That being said, I did try to give a lot of these books a fair shake, only to find many lacking. Currently, I’m only buying two of DC’s superhero books regularly.
Well, I may just have to up that to three, because I picked up Detective Comics #13 last week and it’s a nice start.
I already have an affection for the character but there have been PLENTY of Batman titles in the New 52 lineup I have passed up entirely because I didn’t feel the creative team was up to snuff. I’m happy to report this issue addresses those concerns by employing writer John Layman; I’ve enjoyed his work on Image Comics’ Chew and he didn’t disappoint. Further, the art is a step above a lot of what I’ve seen from DC lately. The main story, pencilled by Jason Fabok is, while not exactly to my personal tastes, detailed and exciting in the way I believe most young comics readers are looking for in this genre. The backup tale with art from Andy Clarke is similarly satisfying, although I liked Clarke’s work more than Fabok’s.
Up to this point, the only DCU books I’ve been buying have been written by Scott Snyder, but I may just be adding Detective Comics to my pull list, if this creative team can keep up the pace.
Haven’t been reading a lot of novels lately. Things have been busy and I haven’t had the time to lose myself in a book. That being said, please know I am anxiously counting the days until October 16th, when The Twelve by Justin Cronin is in stores.
The second book in Cronin’s planned post-apocalyptic vampire trilogy, the first book in the series was a great favorite of mine. The Passage has its’ problem, but a more engrossing read I did not have in 2010. I liked The Passage so much, I listened to the audiobook in the spring as a sort of refresher in preparation for The Twelve. Cronin’s prose is occasionally overwrought and some of his conclusions about a world moved on are a little silly (as with most writer’s tales of the apocalypse, gas is still plentiful and unspoiled, despite how quickly we know it would corrode) but I enjoyed the book and look forward to jumping back into this world with Peter, Amy, Lish and the rest.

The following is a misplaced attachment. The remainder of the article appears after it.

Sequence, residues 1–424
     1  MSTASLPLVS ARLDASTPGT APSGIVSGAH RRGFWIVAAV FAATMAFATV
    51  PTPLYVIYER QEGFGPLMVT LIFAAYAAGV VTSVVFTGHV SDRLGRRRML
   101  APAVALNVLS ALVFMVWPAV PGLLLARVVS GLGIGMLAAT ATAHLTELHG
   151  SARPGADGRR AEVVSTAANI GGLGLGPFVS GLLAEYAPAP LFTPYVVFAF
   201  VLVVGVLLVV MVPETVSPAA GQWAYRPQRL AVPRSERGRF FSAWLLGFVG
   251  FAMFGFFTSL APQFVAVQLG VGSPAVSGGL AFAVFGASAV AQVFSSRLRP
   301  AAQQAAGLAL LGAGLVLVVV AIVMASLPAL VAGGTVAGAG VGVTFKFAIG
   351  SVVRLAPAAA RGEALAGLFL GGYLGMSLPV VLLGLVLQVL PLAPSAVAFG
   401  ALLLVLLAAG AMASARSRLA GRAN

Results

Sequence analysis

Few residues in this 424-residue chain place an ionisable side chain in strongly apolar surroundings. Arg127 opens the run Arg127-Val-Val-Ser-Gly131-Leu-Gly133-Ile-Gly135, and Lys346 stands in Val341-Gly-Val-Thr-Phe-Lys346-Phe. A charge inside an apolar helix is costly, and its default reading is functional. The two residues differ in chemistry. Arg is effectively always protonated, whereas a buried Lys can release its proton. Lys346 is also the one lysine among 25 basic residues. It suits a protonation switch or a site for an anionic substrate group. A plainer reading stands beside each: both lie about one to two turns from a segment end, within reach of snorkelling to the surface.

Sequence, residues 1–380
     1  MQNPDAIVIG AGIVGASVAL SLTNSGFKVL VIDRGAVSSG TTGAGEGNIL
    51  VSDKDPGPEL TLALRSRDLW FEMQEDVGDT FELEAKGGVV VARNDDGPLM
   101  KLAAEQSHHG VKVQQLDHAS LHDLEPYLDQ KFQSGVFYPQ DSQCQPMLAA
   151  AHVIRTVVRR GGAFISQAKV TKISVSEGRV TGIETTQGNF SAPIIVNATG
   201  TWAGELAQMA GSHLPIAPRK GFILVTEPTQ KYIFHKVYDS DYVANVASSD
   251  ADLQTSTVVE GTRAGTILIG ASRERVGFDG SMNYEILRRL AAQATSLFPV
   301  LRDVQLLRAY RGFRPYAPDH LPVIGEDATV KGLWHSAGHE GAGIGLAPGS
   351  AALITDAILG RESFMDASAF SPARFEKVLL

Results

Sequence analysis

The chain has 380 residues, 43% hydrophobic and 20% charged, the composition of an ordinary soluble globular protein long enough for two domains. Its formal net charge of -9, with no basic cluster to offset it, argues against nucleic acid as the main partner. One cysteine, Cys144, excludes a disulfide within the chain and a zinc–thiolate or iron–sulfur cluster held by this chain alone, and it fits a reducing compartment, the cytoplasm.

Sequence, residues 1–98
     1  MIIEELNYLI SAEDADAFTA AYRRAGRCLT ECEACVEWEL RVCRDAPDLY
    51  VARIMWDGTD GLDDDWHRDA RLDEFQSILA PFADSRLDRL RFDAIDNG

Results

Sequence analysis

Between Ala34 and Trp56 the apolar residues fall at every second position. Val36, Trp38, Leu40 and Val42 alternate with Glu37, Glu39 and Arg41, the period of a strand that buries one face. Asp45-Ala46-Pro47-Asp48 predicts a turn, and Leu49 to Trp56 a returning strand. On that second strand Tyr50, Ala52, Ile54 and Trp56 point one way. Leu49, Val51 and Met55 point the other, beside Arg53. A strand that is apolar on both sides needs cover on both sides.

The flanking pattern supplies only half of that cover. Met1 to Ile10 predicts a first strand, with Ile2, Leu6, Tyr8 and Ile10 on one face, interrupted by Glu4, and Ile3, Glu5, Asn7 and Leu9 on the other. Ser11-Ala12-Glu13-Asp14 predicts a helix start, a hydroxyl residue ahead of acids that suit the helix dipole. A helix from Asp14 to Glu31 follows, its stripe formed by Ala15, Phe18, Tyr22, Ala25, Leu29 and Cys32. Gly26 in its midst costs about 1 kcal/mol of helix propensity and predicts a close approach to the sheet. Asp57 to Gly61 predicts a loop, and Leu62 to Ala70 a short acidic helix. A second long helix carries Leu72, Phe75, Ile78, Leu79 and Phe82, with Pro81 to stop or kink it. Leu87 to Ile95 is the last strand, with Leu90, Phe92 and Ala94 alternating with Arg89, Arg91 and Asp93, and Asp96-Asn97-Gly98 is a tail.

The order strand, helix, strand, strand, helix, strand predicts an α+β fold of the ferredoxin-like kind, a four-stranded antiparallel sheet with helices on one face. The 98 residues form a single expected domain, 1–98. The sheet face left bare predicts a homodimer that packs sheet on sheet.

I debated long and hard as to whether I wanted to continue posting my chalkboard doodles for the upcoming school year. After three years solid of Sunday postings, I’ve done just about every character or situation I can think of. Further, I often draw the EXACT same drawings, year in and year out. It’s the nature of the job. Just as I teach Romeo & Juliet to every new group of Freshman, I’ll continue drawing myself as various superhero characters on the blackboard.
I’ve decided to keep posting these however, because… quite simply, they’re popular. I understand very little about “site views” and all that jazz, but when I do look at that widget, these are always amongst the most viewed of my posts… and that includes the comic. Over the past six months, a number of these have become popular on the website Pinterest. I know less about Pinterest than I do about site views, but if people are liking something I do well enough to share it somewhere, I should probably keep doing it.
Anyway, here’s the first drawing of the year. I decided I wanted to go big for the first week so I designed an elaborate Welcome piece for the Class of 2016 which took up the entire space of the classroom’s chalkboard.
I have to be honest- this was a larger undertaking than I anticipated! I thought I’d only need a half an hour to draw this beast, but it took double that when you figure in the sketch planning I needed to do to fit in as many characters as possible. I tried to run the gamut of cartoon characters that I found interesting and were relevant to someone who’d be in 9th grade this year. The only one I might have missed the mark on is Yakko Warner, but as established this summer, the characters are making a huge comeback, if only with my sons in our house.